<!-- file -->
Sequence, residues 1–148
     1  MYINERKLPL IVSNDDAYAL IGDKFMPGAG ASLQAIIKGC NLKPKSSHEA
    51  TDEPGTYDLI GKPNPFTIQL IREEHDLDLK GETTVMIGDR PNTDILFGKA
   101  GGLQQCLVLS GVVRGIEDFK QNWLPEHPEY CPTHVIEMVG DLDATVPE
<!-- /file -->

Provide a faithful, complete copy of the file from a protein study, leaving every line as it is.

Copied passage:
Sequence, residues 1–148
     1  MYINERKLPL IVSNDDAYAL IGDKFMPGAG ASLQAIIKGC NLKPKSSHEA
    51  TDEPGTYDLI GKPNPFTIQL IREEHDLDLK GETTVMIGDR PNTDILFGKA
   101  GGLQQCLVLS GVVRGIEDFK QNWLPEHPEY CPTHVIEMVG DLDATVPE